Authors+Show Affiliations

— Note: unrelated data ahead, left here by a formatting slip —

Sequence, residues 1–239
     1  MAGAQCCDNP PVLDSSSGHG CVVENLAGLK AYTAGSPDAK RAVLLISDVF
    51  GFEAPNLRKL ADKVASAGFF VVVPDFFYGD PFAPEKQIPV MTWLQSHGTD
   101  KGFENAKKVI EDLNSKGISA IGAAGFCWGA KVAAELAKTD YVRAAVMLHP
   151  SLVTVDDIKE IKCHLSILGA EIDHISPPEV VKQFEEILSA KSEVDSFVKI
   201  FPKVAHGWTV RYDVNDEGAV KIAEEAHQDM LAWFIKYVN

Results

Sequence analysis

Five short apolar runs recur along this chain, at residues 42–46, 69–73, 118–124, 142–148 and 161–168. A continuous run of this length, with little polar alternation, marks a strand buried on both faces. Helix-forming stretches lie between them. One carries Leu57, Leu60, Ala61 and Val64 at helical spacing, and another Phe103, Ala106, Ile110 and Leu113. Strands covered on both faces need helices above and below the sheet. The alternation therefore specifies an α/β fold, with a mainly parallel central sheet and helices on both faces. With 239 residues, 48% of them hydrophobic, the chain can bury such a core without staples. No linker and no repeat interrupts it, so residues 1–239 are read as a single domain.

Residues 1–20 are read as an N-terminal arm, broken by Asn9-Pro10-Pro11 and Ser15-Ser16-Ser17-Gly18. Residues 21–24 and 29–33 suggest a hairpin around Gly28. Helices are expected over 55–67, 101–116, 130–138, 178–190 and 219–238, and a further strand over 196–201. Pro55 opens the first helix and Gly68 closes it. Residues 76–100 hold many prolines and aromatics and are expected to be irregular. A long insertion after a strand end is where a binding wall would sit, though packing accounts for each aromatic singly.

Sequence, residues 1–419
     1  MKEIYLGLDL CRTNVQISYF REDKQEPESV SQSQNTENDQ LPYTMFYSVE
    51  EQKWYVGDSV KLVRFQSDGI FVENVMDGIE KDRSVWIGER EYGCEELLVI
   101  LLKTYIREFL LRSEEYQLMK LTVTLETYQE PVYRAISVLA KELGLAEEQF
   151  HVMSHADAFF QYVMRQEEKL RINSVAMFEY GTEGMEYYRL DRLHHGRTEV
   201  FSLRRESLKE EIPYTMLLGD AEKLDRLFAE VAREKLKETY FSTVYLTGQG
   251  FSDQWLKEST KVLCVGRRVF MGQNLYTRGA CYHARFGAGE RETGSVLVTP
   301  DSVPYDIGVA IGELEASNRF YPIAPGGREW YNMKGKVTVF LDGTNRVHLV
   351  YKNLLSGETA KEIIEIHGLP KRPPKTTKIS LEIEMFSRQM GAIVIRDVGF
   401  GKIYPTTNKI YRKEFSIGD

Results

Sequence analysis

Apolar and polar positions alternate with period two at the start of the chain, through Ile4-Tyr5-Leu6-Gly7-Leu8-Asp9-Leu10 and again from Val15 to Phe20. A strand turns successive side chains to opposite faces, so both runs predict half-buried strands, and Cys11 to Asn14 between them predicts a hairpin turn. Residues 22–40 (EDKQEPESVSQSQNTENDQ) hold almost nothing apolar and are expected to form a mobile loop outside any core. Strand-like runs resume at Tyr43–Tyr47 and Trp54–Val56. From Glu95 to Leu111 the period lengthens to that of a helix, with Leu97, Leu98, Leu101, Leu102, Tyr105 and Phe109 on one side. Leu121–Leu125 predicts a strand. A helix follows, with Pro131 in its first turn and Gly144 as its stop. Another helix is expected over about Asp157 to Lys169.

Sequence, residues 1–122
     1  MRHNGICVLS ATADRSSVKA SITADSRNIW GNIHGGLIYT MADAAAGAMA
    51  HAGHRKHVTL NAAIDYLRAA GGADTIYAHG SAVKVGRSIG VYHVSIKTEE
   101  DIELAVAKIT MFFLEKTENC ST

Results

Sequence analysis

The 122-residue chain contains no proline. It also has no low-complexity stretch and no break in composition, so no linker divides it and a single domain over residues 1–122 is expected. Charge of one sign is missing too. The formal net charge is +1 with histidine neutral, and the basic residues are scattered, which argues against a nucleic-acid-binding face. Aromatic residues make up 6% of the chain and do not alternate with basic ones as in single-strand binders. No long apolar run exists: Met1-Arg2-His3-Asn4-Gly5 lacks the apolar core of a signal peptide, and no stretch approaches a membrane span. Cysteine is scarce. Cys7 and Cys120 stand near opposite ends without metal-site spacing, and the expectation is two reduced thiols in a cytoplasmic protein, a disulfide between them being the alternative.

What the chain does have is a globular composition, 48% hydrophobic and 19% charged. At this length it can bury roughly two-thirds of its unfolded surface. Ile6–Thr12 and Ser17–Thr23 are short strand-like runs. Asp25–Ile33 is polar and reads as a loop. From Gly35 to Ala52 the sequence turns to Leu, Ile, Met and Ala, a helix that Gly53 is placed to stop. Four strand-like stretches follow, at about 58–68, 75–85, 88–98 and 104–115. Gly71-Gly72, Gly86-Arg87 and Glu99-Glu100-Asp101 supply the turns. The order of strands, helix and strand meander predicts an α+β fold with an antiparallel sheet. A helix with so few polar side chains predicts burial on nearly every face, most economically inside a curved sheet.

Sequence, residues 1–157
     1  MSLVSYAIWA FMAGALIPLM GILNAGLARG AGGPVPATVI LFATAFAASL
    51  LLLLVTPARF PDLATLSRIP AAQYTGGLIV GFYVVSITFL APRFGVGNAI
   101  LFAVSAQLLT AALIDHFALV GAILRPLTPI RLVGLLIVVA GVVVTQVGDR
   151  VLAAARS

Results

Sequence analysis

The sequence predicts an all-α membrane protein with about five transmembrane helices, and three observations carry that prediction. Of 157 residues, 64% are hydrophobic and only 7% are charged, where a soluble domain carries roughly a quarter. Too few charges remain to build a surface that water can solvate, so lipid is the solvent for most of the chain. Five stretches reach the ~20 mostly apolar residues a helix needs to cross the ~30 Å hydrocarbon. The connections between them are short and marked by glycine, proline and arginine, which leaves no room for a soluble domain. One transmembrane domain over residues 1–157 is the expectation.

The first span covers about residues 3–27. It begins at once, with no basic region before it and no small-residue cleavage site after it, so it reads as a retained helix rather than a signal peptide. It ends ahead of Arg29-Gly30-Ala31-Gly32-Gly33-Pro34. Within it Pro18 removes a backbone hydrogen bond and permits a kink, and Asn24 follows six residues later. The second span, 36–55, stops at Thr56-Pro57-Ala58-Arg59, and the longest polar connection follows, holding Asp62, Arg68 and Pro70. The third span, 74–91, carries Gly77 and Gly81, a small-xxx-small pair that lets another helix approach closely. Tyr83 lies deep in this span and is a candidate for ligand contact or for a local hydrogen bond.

1Ministry of Health,Riyadh,Saudi Arabia.2Division of Viral Diseases,National Center for Immunization and Respiratory Diseases,Centers for Disease Control and Prevention,Atlanta,Georgia,United States.2Division of Viral Diseases,National Center for Immunization and Respiratory Diseases,Centers for Disease Control and Prevention,Atlanta,Georgia,United States.2Division of Viral Diseases,National Center for Immunization and Respiratory Diseases,Centers for Disease Control and Prevention,Atlanta,Georgia,United States.1Ministry of Health,Riyadh,Saudi Arabia.1Ministry of Health,Riyadh,Saudi Arabia.1Ministry of Health,Riyadh,Saudi Arabia.1Ministry of Health,Riyadh,Saudi Arabia.1Ministry of Health,Riyadh,Saudi Arabia.1Ministry of Health,Riyadh,Saudi Arabia.1Ministry of Health,Riyadh,Saudi Arabia.1Ministry of Health,Riyadh,Saudi Arabia.1Ministry of Health,Riyadh,Saudi Arabia.1Ministry of Health,Riyadh,Saudi Arabia.3King Saud Medical City,Riyadh,Saudi Arabia.3King Saud Medical City,Riyadh,Saudi Arabia.2Division of Viral Diseases,National Center for Immunization and Respiratory Diseases,Centers for Disease Control and Prevention,Atlanta,Georgia,United States.2Division of Viral Diseases,National Center for Immunization and Respiratory Diseases,Centers for Disease Control and Prevention,Atlanta,Georgia,United States.5IHRC,contractor to National Center for Immunization and Respiratory Diseases,Centers for Disease Control and Prevention,Atlanta,Georgia,United States.2Division of Viral Diseases,National Center for Immunization and Respiratory Diseases,Centers for Disease Control and Prevention,Atlanta,Georgia,United States.2Division of Viral Diseases,National Center for Immunization and Respiratory Diseases,Centers for Disease Control and Prevention,Atlanta,Georgia,United States.2Division of Viral Diseases,National Center for Immunization and Respiratory Diseases,Centers for Disease Control and Prevention,Atlanta,Georgia,United States.2Division of Viral Diseases,National Center for Immunization and Respiratory Diseases,Centers for Disease Control and Prevention,Atlanta,Georgia,United States.6Batelle, contractor to National Center for Immunization and Respiratory Diseases, Centers for Disease Control and Prevention, Atlanta, GA,USA.2Division of Viral Diseases,National Center for Immunization and Respiratory Diseases,Centers for Disease Control and Prevention,Atlanta,Georgia,United States.2Division of Viral Diseases,National Center for Immunization and Respiratory Diseases,Centers for Disease Control and Prevention,Atlanta,Georgia,United States.2Division of Viral Diseases,National Center for Immunization and Respiratory Diseases,Centers for Disease Control and Prevention,Atlanta,Georgia,United States.1Ministry of Health,Riyadh,Saudi Arabia.1Ministry of Health,Riyadh,Saudi Arabia.2Division of Viral Diseases,National Center for Immunization and Respiratory Diseases,Centers for Disease Control and Prevention,Atlanta,Georgia,United States.2Division of Viral Diseases,National Center for Immunization and Respiratory Diseases,Centers for Disease Control and Prevention,Atlanta,Georgia,United States.